Time off during an excavation in Israel? Here’s what you can do.

Go to the Dead Sea.

It offers war and peace, cleansing mud, swimming in both warm and cold water. You can be lifted up in the lowest place on Earth.

The Dead Sea lies more than 1,400 feet below sea level. Its waters are fed by the Jordan River, a few freshwater springs and occasional torrents from nearby wadis. Apart from specialized microbes nothing lives in the Dead Sea due to its extremely high mineral content. There is no outflow. Water is lost only through evaporation. Due to heavy pumping from its sources, little water now reaches the Dead Sea and its shores have receded from their normal levels. There is sometimes a sulfur smell in the air but it is not obnoxious. The general quiet of the region is occasionally broken by passing vehicles and the occasional bird. It is a good place to get away and contemplate, or to simply relax and recharge.

Here is how you can enjoy the good life by the Dead Sea:

War and Peace: Many of us know about Masada. This very large rock was the site of the last battle in the Jewish War against Rome in A.D. 73. Jewish zealots held out in Herod’s lavish mountain fortress but finally killed themselves rather than be taken as slaves by the 10th Roman Legion. (The Roman camps, siege wall and logistical roads are still visible.) Masada may have been a “stronghold” used by the biblical David when he was hiding from King Saul. (1 Samuel 22:4 – 5) You can walk through the palace of Herod the Great, sit in the Jewish rebels’ synagogue, and stand at the exact spot where Roman soldiers broke through the casemate wall. A cable car transits between the bottom and the summit but if you are in reasonable shape (or slightly masochistic) you may opt to ascend/descend by foot on the “Snake Path”. (I ascended 11 years ago. My thighs burned with an intense muscular flame but it was a “good” pain. No regrets!) Mornings are best for visits due to the heat, particularly during summer months.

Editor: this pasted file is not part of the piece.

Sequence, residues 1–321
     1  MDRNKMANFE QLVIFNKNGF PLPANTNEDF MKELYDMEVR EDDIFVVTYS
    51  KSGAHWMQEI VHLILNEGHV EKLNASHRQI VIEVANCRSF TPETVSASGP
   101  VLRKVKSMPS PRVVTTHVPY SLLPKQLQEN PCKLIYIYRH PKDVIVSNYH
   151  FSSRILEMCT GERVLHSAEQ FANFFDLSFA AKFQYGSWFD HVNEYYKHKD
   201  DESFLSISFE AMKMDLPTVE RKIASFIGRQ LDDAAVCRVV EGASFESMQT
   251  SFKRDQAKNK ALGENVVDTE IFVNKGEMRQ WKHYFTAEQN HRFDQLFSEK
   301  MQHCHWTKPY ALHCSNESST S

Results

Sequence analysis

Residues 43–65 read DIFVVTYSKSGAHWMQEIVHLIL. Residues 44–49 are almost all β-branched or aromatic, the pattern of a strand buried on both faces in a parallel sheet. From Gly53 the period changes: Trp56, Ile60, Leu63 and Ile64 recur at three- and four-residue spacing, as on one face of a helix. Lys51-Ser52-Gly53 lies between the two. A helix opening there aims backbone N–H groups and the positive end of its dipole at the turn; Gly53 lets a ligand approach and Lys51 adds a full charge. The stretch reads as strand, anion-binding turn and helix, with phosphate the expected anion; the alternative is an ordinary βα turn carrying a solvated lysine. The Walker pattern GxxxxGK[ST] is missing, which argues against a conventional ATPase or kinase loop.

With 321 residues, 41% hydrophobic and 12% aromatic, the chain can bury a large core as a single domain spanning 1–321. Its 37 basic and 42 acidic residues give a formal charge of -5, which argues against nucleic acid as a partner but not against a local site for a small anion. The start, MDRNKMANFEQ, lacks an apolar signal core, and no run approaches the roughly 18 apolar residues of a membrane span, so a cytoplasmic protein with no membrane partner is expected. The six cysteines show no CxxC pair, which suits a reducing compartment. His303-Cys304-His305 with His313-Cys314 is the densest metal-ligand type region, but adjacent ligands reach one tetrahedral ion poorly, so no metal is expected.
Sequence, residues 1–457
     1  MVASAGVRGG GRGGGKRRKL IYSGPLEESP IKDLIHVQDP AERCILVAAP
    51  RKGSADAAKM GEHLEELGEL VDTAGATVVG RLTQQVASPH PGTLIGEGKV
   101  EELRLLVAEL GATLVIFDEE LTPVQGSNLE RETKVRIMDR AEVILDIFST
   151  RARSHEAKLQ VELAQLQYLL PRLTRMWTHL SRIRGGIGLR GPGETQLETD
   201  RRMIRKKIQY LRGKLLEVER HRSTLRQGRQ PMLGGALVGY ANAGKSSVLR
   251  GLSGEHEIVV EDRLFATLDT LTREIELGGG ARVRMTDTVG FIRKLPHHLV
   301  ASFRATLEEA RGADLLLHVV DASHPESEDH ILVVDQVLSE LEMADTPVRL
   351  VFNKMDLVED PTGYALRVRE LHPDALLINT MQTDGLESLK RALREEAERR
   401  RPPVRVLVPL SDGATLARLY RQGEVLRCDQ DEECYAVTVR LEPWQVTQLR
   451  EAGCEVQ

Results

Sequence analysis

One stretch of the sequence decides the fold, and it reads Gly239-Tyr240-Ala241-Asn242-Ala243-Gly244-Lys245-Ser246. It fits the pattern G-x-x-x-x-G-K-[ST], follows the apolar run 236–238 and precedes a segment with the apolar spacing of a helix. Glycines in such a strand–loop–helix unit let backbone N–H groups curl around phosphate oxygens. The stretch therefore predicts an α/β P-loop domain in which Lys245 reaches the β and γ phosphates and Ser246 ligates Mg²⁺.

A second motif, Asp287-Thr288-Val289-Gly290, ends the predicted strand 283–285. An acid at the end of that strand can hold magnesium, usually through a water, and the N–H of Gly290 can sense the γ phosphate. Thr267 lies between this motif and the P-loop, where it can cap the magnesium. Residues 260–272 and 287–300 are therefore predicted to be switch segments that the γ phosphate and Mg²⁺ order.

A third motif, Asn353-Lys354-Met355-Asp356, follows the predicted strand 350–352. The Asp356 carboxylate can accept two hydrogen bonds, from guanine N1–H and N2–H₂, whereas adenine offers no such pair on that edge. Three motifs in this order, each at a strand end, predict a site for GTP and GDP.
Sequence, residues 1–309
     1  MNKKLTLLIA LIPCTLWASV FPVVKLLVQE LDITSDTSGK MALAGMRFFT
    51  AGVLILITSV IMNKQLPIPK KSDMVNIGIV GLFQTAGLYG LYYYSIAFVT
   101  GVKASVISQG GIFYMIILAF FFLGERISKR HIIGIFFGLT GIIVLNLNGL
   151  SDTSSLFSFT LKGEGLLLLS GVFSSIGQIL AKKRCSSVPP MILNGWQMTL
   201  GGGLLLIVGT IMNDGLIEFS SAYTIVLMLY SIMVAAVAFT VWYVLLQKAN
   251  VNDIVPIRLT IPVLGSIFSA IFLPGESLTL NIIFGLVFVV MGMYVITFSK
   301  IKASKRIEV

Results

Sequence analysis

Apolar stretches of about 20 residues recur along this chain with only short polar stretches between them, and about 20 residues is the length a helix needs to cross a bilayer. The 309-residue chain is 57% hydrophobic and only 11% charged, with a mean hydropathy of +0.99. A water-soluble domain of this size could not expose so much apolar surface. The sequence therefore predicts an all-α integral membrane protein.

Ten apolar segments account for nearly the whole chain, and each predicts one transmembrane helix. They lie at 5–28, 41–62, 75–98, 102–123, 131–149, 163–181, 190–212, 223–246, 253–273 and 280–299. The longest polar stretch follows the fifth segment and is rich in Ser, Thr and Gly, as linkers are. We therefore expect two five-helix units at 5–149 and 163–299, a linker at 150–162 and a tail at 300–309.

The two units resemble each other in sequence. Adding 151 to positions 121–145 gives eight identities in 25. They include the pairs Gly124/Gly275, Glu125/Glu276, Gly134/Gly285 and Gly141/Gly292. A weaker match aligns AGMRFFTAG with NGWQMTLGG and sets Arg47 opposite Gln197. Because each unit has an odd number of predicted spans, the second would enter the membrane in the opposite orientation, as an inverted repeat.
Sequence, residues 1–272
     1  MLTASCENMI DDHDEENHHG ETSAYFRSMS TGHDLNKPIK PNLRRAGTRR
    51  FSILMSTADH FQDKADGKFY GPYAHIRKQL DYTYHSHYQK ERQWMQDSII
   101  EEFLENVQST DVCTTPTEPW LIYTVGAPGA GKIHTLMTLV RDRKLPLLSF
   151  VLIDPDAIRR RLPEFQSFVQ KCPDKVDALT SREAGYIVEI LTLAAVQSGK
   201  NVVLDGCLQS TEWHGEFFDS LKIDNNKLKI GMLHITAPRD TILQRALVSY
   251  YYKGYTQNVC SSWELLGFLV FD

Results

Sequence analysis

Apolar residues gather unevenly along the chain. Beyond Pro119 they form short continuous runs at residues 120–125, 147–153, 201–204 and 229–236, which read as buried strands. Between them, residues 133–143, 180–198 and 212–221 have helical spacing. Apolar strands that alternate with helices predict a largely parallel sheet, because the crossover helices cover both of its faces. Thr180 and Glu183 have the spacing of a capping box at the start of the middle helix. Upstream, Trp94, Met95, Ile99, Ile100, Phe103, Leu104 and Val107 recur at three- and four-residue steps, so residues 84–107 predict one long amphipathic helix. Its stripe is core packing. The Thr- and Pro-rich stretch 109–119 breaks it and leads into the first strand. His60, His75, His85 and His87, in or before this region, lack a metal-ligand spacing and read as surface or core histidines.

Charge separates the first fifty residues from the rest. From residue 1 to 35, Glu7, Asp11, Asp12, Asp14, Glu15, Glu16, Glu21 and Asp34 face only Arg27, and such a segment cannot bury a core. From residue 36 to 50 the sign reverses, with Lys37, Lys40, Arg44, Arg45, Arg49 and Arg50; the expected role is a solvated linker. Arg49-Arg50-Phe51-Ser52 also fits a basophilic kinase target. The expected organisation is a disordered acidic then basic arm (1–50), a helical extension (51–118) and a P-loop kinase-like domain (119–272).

A view of the Snake Path at Masada. Jaime Restrepo, a member of my group in 2011, is descending the mountain by foot. Can you make him out right-of-center, just over halfway down? (Photo by Luke Chandler)

Looking north from the top of Masada. Can you see the Roman camp and logistical road? The thin white road runs to Ein Gedi, behind the mountain in the distance. It was the source of the Romans' water during the siege of Masada. (Photo by Luke Chandler)

Cleansing Mud: The Dead Sea itself is remarkable. A mineral content of 30% makes the water denser than the ocean. The water simply looks different as it flows. It is impossible for swimmers to sink below the water, though you do not want to submerge your head. (Its intense concentration of salt will b-u-r-n the eyes and leave a residual salt crust in the nose and ears, on the lips, et al.) A float in the water is good for the skin. Many people buy packets of mineral-loaded Dead Sea mud and rub it on their skin. Wait about 20 minutes and wash off to look (allegedly) 20 years younger. I tried it on my face and arms but in truth it took only 15 years off my appearance. I looked like a healthy 25 year-old (ahem) with skin like a baby.

Yours truly in a standard Dead Sea tourist pose. (Photo by Jaime Restrepo)

The youthening effect of Dead Sea cleansing mud may affect both skin and judgment. (Photo by Jaime Restrepo)

Warm and Cold Swimming: The Dead Sea itself is slightly warm but you can feel occasional cool currents in the water. The most refreshing place to swim is in the waterfall pools of the Ein Gedi oasis to the west. Ein Gedi has greenery, wildlife and fresh water in a region of rugged brown rocks. David was enjoying its benefits when he encountered Saul in one of its caves (1 Samuel 24:5).

Nestor Bermudez (L) and Carlos Mantilla (R) enjoy a float in the Dead Sea. (Photo by Luke Chandler)

Here is a very short video of professors and preachers in my 2011 group enjoying one of the waterfall pools of Ein Gedi. A very refreshing place.

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About LukeChandler

Luke holds an M.A. in Ancient and Classical History and has been an adjunct professor at Florida College in Temple Terrace, Florida. Luke and his wife Melanie have five children. He serves as a minister in English and Spanish with the North Terrace Church of Christ and participates annually in archaeological excavations in Israel. Luke also leads tours to Europe and the Bible Lands.
This entry was posted in Interesting places to visit, Israel and tagged , , . Bookmark the permalink.

3 Responses to Time off during an excavation in Israel? Here’s what you can do.

  1. afrankangle says:

    Greetings Luke.
    Wonderful post and pics … and includes good use of density and its effect. 🙂 Hope all is well.

    • lukechandler says:

      Thank you, Frank. My first overnight trip to the Dead Sea was a “plan B” for something else that didn’t work out. Dead Sea weekends are now a perennial favorite. Things are well here, though busy. i have been itching to get to the Cincy area for a while. Whenever I make it I’ll let you know in advance. Coffee or the like would be nice if you had the time.

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